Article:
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Time and Space in Manic Episodes

Author(s): Maria Luísa Figueira | Luís Madeira

Journal: Dialogues in Philosophy, Mental and Neuro Sciences
ISSN 2035-0031

Volume: 4;
Issue: 2;
Start page: 22;
Date: 2011;
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Keywords: mood disorders | time | space | phenomenology | epistemology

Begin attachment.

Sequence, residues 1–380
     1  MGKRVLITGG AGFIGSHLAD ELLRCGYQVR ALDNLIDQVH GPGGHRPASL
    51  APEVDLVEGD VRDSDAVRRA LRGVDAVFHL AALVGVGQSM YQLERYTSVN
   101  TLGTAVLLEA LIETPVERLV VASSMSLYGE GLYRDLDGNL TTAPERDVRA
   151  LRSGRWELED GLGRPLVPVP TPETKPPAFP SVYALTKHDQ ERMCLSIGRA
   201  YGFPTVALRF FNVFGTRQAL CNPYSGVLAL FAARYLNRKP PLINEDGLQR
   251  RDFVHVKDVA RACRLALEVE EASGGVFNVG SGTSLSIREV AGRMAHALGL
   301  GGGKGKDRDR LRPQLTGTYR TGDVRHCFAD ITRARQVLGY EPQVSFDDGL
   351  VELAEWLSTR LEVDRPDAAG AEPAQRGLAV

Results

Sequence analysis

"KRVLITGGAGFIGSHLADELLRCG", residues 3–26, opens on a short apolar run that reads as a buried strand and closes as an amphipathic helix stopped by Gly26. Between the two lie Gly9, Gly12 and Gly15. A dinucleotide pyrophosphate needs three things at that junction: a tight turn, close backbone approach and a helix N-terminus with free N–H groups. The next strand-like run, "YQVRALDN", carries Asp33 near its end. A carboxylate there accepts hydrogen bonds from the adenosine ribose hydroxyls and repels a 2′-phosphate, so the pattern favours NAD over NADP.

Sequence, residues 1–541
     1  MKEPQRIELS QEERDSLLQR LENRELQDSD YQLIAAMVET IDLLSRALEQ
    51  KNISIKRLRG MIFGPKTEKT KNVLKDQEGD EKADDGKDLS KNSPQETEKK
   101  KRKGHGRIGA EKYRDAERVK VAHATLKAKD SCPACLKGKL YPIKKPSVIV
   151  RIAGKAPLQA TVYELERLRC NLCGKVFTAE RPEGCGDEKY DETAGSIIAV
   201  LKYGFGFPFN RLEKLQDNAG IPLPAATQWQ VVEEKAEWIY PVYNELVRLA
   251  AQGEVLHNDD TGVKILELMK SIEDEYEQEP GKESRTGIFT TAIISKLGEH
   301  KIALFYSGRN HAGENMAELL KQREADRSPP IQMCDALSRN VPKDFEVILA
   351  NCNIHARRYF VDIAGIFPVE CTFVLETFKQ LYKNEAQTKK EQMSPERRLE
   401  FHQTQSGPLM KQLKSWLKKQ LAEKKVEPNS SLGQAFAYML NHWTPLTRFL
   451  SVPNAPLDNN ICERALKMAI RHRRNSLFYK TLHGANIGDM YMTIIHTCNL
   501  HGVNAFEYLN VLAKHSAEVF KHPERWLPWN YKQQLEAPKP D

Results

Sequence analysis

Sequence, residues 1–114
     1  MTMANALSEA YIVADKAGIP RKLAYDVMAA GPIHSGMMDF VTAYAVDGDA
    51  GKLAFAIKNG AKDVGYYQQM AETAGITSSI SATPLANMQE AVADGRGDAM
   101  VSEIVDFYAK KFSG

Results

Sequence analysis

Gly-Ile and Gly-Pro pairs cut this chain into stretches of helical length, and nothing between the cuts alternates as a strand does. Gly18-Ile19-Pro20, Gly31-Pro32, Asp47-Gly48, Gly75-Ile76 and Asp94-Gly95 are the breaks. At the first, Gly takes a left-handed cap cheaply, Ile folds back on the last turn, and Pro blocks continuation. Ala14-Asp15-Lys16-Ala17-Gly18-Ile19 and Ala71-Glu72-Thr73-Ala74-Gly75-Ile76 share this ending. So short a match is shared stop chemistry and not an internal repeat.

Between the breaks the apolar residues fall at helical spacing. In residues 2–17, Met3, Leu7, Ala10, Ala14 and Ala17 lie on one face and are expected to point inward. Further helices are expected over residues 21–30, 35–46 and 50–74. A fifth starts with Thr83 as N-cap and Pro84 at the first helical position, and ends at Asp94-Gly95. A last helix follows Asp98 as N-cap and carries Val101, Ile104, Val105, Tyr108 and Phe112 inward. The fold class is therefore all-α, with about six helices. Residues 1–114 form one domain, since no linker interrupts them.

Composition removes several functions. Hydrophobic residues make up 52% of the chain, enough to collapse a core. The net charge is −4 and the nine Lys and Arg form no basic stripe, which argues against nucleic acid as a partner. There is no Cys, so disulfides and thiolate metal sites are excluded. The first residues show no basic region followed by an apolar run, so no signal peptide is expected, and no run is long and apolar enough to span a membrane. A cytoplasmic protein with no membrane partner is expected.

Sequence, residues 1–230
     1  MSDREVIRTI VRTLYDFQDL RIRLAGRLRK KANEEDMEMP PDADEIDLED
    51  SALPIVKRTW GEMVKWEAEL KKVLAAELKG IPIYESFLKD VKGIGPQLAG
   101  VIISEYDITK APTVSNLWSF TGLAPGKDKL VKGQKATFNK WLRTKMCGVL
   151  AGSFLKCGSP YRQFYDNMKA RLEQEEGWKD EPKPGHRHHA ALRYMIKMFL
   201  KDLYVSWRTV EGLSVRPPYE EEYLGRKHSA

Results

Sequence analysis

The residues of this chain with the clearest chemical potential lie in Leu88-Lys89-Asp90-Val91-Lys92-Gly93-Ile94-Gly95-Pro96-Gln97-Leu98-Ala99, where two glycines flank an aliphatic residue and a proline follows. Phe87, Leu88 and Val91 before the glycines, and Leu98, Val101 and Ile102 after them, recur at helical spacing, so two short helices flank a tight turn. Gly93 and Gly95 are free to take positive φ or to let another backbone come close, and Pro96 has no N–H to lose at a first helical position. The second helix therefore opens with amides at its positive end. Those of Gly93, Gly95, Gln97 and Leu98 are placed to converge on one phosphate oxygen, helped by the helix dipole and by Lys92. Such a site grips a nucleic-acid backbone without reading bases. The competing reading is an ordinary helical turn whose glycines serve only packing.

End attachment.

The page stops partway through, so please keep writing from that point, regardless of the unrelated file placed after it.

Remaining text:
Temporality and Spatiality have been extensively addressed in philosophy, and their disturbances have been extensivelystudied in psychopathology (e.g. Wyllie 2005). Mental health patients: (1) describe pathological experiences of Timeand Space (Gallagher and Varela 2003); (2) show disturbed timing (Tysk 1984); (3) experience psychopathologicalphenomena that could be the cause of changes in temporality and spatiality. These topics will be discussed in the case ofmood disorders, in particular euphoric and dysphoric mania episodes. Any phenomenological study in mood disordersis delicate as affective disorders are in themselves phenomenologically diverse, because they have obscure meaning,multitude of criteria and inconsistent reference norms. Also, psychoanalytical, colloquial and cognitive psychologieskeep instilling comprehensive and epistemological structures onto both mood and time/space notions. Nevertheless,bridging philosophical phenomenology and epistemology on time and temporality with mood psychopathology andtaxonomy constitutes an on-going project. Theories by Heidegger, Husserl and Merleau-Ponty as well as by Minkowsky,Binswanger, Fuchs, Parnas, and Sass could help to describe this relation deepened into many other Twentieth-Centuryphilosophical papers. A similar account of space and spatiality will be brought about. We will reason about the conceptthat they provide evidence to address current conceptualization of “bipolar” disorder and the hierarchical grouping ofdysphoric and euphoria mania.
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